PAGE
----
Embracing the ‘socially distinct’ outsider : New research by Associate Professor Katherine Phillips suggests that adding a newcomer can increase a group’s discomfort — and improve the quality of its results...
Nobody wants to share a cubicle with a new hire like Dwight Schrute, the unsettling paper salesman from NBC's "The Office."
But according to new research by a professor from the Kellogg School of Management, better decisions come from teams that include a "socially distinct newcomer." That's psychology-speak for someone who is different enough to bump other team members out of their comfort zones.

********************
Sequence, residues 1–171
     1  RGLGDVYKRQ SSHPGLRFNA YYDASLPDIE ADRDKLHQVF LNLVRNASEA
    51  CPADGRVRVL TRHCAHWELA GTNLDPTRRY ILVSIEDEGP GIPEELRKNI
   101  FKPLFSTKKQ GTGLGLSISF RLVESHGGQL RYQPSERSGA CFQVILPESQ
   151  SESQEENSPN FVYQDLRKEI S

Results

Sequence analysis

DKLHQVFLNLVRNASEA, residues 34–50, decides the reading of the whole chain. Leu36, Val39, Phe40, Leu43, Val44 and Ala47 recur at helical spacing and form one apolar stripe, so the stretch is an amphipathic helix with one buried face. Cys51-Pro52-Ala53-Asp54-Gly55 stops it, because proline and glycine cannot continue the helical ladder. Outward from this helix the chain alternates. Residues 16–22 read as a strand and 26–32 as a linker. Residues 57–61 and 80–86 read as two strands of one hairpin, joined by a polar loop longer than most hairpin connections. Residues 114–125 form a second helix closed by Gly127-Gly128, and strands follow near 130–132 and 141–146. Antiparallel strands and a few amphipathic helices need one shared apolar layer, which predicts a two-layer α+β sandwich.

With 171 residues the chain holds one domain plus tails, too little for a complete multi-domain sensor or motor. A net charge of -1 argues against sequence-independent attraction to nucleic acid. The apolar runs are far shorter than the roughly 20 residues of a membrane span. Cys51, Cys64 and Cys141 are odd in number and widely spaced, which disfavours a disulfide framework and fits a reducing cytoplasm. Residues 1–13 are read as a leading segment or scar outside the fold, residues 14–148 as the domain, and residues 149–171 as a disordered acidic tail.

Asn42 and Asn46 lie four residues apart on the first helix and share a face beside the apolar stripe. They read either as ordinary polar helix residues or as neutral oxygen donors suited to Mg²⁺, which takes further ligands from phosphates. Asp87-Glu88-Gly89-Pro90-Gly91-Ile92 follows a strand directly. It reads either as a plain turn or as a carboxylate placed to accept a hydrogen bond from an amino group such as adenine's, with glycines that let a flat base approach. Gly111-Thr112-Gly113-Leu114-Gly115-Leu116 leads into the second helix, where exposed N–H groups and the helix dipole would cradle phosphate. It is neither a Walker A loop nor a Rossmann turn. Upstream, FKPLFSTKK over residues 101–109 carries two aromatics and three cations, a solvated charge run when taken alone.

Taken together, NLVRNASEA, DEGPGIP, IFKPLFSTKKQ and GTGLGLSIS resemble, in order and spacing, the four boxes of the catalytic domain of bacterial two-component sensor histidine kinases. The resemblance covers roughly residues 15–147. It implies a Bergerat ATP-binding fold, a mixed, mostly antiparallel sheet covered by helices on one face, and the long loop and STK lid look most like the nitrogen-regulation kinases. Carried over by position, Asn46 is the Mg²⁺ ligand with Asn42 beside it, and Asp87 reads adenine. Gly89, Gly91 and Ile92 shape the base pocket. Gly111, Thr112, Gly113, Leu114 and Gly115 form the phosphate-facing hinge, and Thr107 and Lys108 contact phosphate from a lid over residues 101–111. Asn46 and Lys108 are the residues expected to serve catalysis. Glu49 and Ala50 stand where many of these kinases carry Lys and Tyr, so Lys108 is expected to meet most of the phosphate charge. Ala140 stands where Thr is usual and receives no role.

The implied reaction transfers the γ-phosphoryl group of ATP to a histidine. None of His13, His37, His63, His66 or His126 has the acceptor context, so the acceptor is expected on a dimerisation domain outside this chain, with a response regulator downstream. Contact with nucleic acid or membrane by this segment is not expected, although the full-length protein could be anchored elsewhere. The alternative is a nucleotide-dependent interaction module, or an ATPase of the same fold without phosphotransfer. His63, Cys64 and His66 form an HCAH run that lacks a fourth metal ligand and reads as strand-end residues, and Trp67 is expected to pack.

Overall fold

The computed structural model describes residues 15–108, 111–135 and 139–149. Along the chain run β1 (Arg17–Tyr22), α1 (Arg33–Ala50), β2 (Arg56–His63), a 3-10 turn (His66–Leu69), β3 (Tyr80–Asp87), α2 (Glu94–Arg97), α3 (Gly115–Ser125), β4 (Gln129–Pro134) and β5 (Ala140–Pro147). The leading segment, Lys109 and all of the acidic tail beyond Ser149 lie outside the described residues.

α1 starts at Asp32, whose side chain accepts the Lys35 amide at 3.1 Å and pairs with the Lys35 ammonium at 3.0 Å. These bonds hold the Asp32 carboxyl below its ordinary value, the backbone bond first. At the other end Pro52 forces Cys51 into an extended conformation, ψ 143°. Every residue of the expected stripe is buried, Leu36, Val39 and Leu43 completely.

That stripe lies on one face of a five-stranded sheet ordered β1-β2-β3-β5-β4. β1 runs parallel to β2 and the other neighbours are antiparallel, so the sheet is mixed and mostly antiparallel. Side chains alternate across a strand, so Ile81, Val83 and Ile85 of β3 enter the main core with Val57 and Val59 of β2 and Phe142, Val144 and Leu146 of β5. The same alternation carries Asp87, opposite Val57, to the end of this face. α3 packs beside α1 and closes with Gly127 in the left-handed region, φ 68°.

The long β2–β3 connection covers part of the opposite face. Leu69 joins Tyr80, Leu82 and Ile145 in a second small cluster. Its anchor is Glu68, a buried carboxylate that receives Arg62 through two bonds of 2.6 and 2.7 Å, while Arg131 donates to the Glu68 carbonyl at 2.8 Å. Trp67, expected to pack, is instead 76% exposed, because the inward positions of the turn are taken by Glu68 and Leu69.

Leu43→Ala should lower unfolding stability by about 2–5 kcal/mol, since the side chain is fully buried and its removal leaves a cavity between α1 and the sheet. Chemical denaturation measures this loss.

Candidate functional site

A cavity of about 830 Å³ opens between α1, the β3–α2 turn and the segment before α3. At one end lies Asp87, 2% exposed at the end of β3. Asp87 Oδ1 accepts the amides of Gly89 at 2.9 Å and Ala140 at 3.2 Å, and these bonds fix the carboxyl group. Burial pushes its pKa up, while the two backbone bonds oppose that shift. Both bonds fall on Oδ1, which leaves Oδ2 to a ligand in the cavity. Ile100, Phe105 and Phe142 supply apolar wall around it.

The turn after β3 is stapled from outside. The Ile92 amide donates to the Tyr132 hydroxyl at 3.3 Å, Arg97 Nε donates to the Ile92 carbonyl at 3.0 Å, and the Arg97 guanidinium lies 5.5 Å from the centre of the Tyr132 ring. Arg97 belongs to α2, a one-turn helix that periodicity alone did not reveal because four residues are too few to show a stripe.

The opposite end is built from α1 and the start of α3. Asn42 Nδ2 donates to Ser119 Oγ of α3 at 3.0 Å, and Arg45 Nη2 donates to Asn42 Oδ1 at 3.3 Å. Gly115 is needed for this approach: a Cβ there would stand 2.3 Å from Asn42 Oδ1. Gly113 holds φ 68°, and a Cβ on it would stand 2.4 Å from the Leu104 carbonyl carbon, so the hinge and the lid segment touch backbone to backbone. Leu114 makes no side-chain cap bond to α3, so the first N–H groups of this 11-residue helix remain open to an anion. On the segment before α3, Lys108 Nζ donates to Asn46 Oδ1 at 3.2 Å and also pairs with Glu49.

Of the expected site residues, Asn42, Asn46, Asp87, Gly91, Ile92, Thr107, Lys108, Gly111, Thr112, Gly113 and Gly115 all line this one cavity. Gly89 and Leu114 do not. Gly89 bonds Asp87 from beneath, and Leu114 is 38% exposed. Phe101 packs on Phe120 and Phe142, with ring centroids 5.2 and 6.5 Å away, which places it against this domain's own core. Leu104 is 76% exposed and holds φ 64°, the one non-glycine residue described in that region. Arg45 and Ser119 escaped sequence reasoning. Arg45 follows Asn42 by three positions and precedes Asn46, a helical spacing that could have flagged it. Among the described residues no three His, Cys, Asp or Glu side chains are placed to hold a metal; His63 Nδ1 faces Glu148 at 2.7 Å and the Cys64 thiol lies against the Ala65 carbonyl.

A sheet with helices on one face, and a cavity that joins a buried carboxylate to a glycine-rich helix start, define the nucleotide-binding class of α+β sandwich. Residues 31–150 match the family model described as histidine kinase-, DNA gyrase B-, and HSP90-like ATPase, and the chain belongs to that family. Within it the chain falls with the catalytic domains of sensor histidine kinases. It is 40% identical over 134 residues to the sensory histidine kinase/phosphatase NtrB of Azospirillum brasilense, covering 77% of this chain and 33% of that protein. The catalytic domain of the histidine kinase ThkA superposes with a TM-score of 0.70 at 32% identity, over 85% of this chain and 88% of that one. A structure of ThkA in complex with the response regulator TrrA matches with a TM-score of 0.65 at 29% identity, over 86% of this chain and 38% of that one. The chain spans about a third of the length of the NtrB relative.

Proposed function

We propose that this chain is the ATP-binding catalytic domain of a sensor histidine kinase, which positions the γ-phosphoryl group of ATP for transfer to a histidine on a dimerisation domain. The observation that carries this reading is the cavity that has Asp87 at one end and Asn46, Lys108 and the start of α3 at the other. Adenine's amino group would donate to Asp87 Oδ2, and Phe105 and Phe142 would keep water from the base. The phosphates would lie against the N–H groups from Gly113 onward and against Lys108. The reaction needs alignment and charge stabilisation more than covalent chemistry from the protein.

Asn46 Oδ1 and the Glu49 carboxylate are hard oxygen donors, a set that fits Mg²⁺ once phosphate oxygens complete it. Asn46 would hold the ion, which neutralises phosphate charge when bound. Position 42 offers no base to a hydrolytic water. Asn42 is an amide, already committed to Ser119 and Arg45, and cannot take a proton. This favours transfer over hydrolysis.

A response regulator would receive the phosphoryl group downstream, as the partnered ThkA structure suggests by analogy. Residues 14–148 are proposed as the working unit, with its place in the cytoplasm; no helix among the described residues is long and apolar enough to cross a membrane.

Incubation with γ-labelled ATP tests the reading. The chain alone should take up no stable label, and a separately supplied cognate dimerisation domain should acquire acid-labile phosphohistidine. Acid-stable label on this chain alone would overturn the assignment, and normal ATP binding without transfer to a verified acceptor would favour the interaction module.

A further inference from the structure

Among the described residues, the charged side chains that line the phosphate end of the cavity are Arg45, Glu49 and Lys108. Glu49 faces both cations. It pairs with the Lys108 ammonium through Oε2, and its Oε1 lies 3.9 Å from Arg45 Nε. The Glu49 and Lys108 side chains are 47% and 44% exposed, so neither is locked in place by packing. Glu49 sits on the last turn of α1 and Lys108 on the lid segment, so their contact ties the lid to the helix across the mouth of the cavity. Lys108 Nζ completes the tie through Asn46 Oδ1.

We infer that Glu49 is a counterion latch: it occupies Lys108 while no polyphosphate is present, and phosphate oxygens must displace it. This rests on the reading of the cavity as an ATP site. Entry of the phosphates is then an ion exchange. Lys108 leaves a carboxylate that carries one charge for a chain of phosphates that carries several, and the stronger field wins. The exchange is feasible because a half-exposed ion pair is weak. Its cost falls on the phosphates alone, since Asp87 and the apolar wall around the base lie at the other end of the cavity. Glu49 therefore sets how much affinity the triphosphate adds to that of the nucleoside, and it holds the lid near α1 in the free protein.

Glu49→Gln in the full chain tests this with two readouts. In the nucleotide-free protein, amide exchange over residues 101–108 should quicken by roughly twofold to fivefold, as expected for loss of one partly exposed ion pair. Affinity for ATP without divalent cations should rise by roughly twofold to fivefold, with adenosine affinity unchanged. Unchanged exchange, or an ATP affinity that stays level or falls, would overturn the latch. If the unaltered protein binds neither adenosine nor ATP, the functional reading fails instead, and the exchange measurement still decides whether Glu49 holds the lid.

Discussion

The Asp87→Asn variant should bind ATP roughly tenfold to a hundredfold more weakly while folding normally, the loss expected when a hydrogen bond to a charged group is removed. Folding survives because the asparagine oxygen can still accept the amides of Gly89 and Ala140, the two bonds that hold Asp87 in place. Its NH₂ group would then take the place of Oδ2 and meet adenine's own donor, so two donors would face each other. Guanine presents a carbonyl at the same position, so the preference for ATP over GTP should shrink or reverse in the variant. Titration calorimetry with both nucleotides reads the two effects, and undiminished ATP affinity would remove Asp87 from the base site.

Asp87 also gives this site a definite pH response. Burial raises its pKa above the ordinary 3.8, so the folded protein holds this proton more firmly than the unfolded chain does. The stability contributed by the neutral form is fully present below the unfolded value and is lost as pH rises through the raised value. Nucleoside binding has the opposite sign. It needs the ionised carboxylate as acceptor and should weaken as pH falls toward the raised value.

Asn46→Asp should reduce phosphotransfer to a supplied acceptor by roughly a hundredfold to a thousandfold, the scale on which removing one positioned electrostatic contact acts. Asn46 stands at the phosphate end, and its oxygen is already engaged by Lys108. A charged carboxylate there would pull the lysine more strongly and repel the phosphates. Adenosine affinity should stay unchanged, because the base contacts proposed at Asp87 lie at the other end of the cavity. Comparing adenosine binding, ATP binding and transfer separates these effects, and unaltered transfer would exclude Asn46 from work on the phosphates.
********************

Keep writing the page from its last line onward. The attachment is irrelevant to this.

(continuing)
“This paper shows that it’s not solely about the newcomer bringing a new idea, but their mere presence changes the behavior of the group. This is one example of the benefits of diversity,” said lead author Katherine Phillips, associate professor of management and organizations at the Kellogg School. “Diversity goes beyond newcomers bringing new ideas.”